Filed under: Uncategorized | Tags: algorithms, cryptography, game theory, PODC, security, theory
Decisions for PODC 2011 (in San Jose) have just been mailed out this morning. In a later post, I’ll talk about some of the interesting accepted papers this year – there are many. For now I wanted to mention two of my own papers that were accepted and are now up on my web page.
Conflict on a Communication Channel. This is a paper that I had previously blogged about here. I’m still very excited about the idea of maintaining security invariants while spending asymptotically less than an adversary that is trying to break them. In this paper, we were able to do this for a few problems related to jamming in sensor networks and denial of service attacks. However, the application of this kind of game theoretic analysis to security problems is still wide open. Many interesting problems remain.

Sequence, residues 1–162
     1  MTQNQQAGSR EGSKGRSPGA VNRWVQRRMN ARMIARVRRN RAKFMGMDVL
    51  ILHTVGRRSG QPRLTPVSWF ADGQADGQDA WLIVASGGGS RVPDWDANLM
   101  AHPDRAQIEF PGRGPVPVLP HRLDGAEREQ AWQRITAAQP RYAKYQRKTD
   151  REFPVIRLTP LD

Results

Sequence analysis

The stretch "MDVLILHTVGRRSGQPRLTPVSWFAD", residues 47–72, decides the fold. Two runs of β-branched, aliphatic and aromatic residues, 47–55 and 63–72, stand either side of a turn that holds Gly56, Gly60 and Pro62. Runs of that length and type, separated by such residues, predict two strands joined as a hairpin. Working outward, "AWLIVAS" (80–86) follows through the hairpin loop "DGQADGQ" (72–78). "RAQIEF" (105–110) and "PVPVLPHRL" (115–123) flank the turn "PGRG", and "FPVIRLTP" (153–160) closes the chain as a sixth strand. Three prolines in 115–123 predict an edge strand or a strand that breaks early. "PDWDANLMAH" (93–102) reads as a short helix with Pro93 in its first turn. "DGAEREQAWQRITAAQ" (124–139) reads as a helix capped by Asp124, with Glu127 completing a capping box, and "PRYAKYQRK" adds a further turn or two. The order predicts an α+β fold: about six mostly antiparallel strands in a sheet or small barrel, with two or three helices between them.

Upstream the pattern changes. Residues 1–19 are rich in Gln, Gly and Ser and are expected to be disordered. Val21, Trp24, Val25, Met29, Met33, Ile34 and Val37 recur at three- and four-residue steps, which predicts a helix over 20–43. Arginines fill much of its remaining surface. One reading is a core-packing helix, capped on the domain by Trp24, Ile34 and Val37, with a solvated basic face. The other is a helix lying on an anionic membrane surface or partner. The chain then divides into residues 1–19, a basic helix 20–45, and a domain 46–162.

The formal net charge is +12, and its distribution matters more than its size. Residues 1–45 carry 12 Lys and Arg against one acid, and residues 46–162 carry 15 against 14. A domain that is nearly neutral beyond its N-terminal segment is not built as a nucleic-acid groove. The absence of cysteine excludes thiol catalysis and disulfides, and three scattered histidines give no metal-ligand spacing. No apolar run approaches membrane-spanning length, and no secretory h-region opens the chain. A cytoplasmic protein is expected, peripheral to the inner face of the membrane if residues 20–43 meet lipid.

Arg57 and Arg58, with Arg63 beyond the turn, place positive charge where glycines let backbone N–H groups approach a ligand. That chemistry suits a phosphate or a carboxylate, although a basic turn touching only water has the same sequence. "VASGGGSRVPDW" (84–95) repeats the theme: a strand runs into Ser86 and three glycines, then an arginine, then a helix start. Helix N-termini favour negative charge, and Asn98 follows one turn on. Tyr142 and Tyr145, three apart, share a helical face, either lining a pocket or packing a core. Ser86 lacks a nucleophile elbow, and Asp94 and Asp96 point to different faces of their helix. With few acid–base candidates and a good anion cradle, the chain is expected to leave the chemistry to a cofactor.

Scalable Mechanisms for Rational Secret Sharing. This is a paper that I had not previously talked about in this blog. The paper considers the problem of secret sharing when each player is rational. In particular, we assume that each player prefers to learn the secret over not learning it, but prefers to be the only player learning the secret over being one of many players learning it. Much interesting work has been done on this problem in the last few years, with the main goal being to design a mechanism that ensures that ensures that all players learn the secret (thereby maximizing social welfare). The new problem we focus on in this paper is designing mechanisms that both reveal the secret to all players and are scalable in the sense that they require each player to send just a constant number of messages in expectation. Secret sharing is a subroutine for many cryptographic protocols, so one motivation is to develop a scalable tool for problems like rational multiparty computation and implementation of a mediator.
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